April 3 (UPI) -- The Federal Aviation Administration is launching a joint task force with NASA and international aviation regulators to review Boeing's fix for its 737 Max jets.
The task force, known as the Joint Authorities Technical Review team, will evaluate the automated flight control system, or MCAS, suspected to have caused the two crashes involving the jets since October, CNBC reported.
Former National Transportation Safety Board Chairman Chris Hart will chair the task force to review the MCAS' "design and pilots' interaction with the system, to determine its compliance with all applicable regulations and to identify future enhancements that might be needed," the FAA said.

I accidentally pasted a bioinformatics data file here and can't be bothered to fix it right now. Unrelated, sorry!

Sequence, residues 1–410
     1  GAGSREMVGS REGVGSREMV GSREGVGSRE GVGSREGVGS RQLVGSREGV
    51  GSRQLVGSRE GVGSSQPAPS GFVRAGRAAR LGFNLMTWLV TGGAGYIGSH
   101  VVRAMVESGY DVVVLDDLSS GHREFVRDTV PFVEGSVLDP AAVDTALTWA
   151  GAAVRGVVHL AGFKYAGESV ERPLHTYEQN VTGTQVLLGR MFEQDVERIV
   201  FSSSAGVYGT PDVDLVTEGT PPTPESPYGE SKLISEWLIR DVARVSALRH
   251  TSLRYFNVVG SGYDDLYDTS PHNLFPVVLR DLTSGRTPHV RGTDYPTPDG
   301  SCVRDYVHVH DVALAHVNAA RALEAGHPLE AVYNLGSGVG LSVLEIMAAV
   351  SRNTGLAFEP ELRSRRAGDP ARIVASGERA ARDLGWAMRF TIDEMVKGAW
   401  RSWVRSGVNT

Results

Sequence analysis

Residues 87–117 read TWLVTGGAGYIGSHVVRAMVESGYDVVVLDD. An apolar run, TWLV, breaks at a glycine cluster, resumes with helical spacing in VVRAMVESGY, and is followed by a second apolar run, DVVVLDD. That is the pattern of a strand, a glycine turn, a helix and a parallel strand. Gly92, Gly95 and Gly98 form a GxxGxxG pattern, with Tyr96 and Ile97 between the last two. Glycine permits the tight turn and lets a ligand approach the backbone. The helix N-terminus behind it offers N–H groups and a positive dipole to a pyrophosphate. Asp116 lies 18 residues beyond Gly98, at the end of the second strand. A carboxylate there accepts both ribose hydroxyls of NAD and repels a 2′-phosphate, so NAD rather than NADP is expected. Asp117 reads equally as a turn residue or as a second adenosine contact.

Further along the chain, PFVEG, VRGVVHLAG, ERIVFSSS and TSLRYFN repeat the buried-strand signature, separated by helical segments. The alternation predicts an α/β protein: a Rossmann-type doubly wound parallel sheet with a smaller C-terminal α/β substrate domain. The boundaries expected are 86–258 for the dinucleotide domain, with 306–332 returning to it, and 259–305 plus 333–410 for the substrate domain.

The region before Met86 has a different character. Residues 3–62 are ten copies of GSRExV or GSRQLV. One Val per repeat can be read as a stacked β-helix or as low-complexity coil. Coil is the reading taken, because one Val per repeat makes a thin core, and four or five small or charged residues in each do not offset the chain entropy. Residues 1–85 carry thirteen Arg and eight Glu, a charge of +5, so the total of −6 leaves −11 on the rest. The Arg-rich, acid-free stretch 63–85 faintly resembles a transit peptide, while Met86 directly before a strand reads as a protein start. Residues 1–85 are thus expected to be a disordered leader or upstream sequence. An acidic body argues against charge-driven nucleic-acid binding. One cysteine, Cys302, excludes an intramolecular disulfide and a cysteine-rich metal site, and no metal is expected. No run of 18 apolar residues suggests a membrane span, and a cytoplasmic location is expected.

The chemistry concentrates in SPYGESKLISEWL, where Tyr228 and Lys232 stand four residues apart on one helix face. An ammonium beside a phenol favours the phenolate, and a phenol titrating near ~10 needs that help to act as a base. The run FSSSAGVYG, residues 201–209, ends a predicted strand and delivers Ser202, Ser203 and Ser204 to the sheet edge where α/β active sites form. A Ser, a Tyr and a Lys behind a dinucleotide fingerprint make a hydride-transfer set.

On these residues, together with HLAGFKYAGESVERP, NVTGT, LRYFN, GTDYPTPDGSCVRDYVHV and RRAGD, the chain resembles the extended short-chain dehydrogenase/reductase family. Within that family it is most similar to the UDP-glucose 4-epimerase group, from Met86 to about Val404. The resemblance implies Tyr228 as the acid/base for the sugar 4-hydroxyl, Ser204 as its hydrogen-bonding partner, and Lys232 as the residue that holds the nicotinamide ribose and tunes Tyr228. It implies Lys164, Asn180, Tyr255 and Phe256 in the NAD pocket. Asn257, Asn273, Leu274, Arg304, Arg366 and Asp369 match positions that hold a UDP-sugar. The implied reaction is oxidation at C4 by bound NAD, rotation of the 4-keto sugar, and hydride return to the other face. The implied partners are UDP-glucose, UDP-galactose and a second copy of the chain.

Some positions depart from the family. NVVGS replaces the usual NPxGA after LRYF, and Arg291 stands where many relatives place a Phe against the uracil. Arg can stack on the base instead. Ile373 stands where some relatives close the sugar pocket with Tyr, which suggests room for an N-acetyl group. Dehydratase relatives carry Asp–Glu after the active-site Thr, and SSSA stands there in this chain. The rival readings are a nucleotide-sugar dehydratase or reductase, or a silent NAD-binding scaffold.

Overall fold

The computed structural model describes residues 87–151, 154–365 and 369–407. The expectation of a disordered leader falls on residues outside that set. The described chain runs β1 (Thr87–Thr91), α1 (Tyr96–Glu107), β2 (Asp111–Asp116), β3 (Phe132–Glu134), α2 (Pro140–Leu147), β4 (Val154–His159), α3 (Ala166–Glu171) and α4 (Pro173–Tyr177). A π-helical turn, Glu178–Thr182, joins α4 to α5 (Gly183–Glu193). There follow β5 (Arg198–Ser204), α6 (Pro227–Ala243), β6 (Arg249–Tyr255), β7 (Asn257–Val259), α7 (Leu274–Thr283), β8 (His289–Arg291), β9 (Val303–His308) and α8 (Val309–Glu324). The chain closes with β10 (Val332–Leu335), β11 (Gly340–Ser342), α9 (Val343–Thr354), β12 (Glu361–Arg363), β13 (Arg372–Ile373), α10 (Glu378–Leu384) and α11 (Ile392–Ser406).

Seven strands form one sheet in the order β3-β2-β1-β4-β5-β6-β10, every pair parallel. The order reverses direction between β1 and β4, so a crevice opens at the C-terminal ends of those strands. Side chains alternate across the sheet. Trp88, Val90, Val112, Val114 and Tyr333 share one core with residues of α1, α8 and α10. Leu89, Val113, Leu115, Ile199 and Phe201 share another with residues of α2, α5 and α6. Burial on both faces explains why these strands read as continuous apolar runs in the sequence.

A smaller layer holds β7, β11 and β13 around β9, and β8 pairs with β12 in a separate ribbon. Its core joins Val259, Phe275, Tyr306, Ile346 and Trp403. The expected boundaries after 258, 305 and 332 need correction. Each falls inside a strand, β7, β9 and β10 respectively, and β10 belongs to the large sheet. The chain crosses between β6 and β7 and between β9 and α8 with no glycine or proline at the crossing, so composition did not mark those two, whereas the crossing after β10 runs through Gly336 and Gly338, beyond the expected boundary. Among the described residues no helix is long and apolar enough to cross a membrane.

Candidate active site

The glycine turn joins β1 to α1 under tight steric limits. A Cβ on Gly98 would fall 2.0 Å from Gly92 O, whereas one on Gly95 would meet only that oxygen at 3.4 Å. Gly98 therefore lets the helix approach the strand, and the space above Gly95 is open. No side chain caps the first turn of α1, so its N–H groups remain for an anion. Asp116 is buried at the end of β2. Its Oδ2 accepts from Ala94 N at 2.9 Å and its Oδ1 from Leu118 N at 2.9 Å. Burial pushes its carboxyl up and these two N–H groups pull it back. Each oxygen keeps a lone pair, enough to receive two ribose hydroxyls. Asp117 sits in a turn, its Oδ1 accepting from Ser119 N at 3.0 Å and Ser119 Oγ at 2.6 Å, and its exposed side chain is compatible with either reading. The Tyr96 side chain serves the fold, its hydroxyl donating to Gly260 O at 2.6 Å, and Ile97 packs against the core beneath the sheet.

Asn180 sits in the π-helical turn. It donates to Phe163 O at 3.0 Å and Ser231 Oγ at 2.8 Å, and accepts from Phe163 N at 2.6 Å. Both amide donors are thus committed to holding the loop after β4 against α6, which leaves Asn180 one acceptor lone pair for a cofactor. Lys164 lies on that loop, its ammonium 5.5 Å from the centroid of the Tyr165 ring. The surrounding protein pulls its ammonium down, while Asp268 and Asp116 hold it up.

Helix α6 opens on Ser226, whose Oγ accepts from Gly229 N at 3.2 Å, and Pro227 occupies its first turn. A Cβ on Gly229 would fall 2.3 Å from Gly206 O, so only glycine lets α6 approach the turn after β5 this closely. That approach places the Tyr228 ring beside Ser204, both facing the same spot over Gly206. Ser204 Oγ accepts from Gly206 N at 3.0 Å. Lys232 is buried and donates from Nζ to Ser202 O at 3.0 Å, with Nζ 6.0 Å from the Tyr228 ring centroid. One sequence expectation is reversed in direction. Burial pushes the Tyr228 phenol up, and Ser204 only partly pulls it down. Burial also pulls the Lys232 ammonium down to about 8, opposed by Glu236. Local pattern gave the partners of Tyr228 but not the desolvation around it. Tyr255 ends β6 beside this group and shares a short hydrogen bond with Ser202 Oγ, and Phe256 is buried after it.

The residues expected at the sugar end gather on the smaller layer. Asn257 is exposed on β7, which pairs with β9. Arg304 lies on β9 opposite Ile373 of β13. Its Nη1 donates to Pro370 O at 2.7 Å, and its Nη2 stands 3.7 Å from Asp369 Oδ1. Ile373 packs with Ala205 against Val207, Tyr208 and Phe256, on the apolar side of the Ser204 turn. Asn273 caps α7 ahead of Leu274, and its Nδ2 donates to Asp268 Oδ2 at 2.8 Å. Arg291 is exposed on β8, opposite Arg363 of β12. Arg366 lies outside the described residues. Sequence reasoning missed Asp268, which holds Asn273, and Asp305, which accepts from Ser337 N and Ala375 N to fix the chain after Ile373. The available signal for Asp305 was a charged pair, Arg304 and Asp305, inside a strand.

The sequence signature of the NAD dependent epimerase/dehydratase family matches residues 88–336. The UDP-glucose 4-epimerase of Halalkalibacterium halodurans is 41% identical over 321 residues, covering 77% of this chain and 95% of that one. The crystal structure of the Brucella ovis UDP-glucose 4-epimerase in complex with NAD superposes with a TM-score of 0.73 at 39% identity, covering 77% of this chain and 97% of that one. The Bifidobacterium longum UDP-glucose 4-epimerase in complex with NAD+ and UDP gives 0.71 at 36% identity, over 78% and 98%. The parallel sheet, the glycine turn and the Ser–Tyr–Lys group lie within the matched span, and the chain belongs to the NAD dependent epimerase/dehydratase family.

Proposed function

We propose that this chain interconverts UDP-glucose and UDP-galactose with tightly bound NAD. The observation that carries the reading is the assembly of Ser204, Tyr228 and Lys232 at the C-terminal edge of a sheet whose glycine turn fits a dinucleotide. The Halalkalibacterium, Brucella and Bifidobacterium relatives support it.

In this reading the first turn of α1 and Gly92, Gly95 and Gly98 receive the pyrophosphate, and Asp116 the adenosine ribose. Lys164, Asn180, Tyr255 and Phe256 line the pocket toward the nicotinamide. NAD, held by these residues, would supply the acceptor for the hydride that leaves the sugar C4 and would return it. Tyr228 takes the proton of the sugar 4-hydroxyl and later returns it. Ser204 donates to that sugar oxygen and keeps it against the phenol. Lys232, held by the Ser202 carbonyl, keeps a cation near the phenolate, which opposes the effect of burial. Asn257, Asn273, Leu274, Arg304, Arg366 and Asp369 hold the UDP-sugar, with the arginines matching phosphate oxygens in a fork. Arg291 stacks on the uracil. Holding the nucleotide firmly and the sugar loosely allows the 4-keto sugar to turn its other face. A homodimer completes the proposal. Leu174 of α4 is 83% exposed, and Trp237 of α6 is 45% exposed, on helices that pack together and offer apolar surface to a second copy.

Boeing said Wednesday that CEO Dennis Muilenburg joined pilots aboard a successful 737 Max jet test flight.
"The flight crew performed different scenarios that exercised various aspects of the software changes to test failure conditions," the company said. "The software update worked as designed, and the pilots landed safely at Boeing Field."
Production of the 737 Max has continued despite the fact that regulators in the United States and other countries grounded the jet after the most recent crash.
"We continue to build 737 Max airplanes, while assessing how the situation, including potential capacity constraints, will impact our production system," Boeing spokesman Paul Bergman told Bloomberg.
The FAA said Monday it expects to receive Boeing's final package of software updates for the 737 Max in the coming weeks at which point they will be subjected to a "rigorous" safety review.